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MU releases tools for natural disasters


Recent flooding in Missouri turned deadly and left many homes and businesses submerged in overflowing rivers. Hundreds of people were evacuated as many of their homes were under water. Often, children are the most vulnerable in natural disasters and require assistance and support long after they are affected. The Disaster and Community Crisis Center (DCC) at the University of Missouri is developing tools that can help children and youth affected during this disaster as well as future events. Recently, the program released animated, online disaster preparedness videos that will aid teachers and counselors who work with school-aged children about staying calm, problem-solving and coping in emergencies and natural disasters.

DCC is primarily funded through a 4 year, $2.4 million grant from the U.S. Substance Abuse and Mental Health Services Administration’s National Child Traumatic Stress Initiative. As a National Child Traumatic Stress Network member, DCC develops resources and products that address behavioral and mental health issues, resilience and coping skills — especially after a traumatic event such as a natural or human-caused disaster.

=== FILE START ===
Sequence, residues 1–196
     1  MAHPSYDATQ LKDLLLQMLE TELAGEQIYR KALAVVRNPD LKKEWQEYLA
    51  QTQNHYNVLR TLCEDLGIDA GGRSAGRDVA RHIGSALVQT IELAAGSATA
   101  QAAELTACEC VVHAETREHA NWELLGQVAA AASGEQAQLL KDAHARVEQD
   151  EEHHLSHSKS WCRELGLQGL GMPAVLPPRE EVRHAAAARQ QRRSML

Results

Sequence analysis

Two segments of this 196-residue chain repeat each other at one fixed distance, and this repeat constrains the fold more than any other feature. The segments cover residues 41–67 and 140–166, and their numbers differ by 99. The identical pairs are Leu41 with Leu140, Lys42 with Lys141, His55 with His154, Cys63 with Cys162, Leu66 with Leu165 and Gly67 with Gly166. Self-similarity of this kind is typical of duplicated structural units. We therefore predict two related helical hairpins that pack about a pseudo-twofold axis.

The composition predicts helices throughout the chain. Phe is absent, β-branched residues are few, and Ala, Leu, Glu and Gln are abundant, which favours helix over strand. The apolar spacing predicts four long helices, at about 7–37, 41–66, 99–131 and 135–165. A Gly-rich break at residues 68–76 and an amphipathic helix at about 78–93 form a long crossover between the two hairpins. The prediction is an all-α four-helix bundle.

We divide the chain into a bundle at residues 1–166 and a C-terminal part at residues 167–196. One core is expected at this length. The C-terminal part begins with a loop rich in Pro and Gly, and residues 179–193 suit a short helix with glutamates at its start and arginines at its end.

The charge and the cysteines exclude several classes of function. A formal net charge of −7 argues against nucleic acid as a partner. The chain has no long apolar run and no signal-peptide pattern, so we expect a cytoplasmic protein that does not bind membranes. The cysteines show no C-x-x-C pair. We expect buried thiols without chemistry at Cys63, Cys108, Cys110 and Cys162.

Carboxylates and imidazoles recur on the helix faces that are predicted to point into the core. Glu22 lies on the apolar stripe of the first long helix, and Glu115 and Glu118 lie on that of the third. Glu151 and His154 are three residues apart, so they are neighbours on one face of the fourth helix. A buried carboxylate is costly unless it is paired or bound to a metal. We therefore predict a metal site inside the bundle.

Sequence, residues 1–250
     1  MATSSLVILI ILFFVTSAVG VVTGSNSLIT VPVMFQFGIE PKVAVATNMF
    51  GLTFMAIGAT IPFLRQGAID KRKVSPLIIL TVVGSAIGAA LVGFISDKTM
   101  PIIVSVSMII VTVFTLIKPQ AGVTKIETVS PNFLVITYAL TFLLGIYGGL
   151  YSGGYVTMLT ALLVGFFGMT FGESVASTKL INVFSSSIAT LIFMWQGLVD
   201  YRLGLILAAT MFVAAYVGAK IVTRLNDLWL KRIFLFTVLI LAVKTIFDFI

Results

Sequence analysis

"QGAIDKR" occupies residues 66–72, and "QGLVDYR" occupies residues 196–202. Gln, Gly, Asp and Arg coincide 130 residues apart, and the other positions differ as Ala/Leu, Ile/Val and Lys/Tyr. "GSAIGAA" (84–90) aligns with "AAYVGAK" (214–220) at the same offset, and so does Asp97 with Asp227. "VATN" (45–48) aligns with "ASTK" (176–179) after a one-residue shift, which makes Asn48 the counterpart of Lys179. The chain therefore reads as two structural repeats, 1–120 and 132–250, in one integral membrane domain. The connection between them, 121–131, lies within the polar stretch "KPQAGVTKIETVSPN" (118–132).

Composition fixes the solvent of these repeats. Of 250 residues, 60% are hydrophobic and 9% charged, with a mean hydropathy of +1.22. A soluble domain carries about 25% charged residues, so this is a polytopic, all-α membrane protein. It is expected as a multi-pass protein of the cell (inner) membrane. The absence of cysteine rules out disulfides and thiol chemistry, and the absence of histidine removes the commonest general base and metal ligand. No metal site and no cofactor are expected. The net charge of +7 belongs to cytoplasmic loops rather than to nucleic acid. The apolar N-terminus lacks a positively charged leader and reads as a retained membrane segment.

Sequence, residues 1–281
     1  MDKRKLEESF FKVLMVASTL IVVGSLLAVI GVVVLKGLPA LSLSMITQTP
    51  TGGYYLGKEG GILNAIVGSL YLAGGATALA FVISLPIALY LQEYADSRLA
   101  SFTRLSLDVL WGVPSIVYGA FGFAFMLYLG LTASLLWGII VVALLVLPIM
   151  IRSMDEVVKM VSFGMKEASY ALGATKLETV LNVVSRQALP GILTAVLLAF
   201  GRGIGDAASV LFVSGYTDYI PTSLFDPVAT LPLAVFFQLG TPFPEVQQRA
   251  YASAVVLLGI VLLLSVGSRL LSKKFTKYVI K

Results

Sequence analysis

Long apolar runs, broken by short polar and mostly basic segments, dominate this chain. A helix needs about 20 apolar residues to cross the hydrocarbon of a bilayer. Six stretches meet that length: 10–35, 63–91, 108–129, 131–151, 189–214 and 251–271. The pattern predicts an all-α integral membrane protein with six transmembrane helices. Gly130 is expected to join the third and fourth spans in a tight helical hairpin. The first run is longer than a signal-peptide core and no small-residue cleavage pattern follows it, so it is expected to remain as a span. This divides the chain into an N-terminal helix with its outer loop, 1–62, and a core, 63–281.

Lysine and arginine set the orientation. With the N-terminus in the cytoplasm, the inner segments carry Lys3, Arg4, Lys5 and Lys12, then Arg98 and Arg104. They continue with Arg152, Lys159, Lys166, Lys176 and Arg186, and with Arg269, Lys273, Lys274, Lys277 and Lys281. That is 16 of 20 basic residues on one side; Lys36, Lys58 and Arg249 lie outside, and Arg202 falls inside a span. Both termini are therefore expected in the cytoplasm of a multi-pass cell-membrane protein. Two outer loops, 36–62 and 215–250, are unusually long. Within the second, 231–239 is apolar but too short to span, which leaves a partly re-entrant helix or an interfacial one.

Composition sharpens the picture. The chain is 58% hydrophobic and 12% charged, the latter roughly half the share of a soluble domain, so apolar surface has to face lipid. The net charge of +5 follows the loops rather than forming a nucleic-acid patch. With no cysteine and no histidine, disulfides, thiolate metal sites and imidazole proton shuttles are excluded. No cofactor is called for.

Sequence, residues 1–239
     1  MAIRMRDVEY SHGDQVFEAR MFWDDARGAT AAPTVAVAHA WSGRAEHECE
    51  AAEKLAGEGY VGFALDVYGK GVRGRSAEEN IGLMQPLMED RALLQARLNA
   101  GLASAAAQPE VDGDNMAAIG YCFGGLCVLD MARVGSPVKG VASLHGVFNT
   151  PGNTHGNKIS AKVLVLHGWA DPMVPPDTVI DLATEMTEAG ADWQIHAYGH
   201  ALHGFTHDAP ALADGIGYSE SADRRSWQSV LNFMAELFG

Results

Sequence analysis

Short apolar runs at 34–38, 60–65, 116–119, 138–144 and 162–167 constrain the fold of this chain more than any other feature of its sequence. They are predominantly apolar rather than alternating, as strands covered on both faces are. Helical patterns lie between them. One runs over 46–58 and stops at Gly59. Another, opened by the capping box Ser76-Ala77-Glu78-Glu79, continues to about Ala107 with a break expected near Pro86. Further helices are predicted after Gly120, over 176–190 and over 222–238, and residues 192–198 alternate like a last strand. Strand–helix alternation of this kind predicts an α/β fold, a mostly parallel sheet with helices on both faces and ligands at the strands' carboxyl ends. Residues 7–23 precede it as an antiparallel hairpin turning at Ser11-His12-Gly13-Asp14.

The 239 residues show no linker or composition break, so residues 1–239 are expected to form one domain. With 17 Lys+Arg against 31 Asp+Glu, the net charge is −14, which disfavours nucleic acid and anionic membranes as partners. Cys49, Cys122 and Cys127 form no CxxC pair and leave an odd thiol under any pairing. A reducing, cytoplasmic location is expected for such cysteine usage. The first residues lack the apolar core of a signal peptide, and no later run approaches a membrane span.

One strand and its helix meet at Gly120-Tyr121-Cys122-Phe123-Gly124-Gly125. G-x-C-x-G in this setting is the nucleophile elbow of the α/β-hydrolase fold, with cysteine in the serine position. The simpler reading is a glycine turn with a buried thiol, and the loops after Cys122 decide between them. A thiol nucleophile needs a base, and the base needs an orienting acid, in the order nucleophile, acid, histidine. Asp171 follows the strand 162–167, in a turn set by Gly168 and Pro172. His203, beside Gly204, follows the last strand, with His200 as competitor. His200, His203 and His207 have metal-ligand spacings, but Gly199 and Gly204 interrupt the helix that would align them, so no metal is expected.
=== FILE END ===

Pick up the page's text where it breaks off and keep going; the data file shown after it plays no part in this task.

DCC collaborates with local and statewide partners, like the Ozark Center in Joplin, Mo., which DCC worked with to assess the long term needs in the community after a devastating tornado in 2011. A report of this assessment, “2011 Joplin, Missouri Tornado Experience, Mental Health Reactions, and Service Utilization: Cross-Sectional Assessments at Approximately 6 Months and 2.5 Years Post-Event” was published inPLOS Currents Disasters in 2015. Additionally, DCC has worked with the Children’s Advocacy Center in St. Louis to train Ferguson-Florissant and St. Louis teachers and counselors to use the Resilience and Coping Intervention following the community protests that occurred after the shooting of Michael Brown.

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Campus: UMC
Key words: Health, MU Campus, Teaching,
County: Boone

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